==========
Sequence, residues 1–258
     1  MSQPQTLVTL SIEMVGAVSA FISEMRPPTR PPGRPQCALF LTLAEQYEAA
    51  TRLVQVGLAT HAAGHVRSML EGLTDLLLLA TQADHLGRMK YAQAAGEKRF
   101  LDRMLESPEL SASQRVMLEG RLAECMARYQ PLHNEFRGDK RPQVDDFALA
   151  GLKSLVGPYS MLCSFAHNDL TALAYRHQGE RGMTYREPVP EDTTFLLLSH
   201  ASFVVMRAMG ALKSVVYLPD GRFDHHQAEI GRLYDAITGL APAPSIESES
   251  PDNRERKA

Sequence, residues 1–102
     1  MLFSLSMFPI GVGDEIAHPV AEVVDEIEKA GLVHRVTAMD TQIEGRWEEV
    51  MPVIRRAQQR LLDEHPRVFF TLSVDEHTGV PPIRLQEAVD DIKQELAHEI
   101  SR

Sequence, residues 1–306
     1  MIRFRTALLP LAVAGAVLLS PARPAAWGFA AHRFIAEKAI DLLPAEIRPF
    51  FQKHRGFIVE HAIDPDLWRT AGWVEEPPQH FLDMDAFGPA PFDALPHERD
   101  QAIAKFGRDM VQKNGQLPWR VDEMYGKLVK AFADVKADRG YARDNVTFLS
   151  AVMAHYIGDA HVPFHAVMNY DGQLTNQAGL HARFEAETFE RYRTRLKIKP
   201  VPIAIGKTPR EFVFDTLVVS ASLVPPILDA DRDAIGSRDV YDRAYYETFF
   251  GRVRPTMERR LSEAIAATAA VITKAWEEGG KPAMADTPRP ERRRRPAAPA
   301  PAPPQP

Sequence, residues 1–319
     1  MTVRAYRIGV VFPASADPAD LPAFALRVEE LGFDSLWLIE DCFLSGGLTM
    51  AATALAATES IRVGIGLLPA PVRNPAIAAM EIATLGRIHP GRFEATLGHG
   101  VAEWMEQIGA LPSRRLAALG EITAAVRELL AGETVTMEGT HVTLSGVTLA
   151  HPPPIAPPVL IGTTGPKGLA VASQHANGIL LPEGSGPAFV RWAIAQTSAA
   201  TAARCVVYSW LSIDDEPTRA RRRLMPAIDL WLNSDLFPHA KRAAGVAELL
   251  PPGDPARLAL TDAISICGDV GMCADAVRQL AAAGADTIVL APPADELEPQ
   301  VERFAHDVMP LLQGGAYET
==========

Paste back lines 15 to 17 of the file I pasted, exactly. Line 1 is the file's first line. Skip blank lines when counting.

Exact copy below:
   101  QAIAKFGRDM VQKNGQLPWR VDEMYGKLVK AFADVKADRG YARDNVTFLS
   151  AVMAHYIGDA HVPFHAVMNY DGQLTNQAGL HARFEAETFE RYRTRLKIKP
   201  VPIAIGKTPR EFVFDTLVVS ASLVPPILDA DRDAIGSRDV YDRAYYETFF